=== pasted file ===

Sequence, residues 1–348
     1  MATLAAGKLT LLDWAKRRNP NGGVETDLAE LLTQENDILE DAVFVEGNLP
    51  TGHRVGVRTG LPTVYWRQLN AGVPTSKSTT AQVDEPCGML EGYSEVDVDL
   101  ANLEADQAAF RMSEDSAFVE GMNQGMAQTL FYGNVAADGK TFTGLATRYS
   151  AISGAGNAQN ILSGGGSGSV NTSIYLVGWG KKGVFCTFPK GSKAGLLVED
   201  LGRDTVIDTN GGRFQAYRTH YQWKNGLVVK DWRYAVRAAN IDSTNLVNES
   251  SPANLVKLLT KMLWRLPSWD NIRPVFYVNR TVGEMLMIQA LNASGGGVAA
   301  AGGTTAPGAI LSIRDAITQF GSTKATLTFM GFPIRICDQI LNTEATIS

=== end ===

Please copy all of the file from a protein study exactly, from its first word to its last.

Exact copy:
Sequence, residues 1–348
     1  MATLAAGKLT LLDWAKRRNP NGGVETDLAE LLTQENDILE DAVFVEGNLP
    51  TGHRVGVRTG LPTVYWRQLN AGVPTSKSTT AQVDEPCGML EGYSEVDVDL
   101  ANLEADQAAF RMSEDSAFVE GMNQGMAQTL FYGNVAADGK TFTGLATRYS
   151  AISGAGNAQN ILSGGGSGSV NTSIYLVGWG KKGVFCTFPK GSKAGLLVED
   201  LGRDTVIDTN GGRFQAYRTH YQWKNGLVVK DWRYAVRAAN IDSTNLVNES
   251  SPANLVKLLT KMLWRLPSWD NIRPVFYVNR TVGEMLMIQA LNASGGGVAA
   301  AGGTTAPGAI LSIRDAITQF GSTKATLTFM GFPIRICDQI LNTEATIS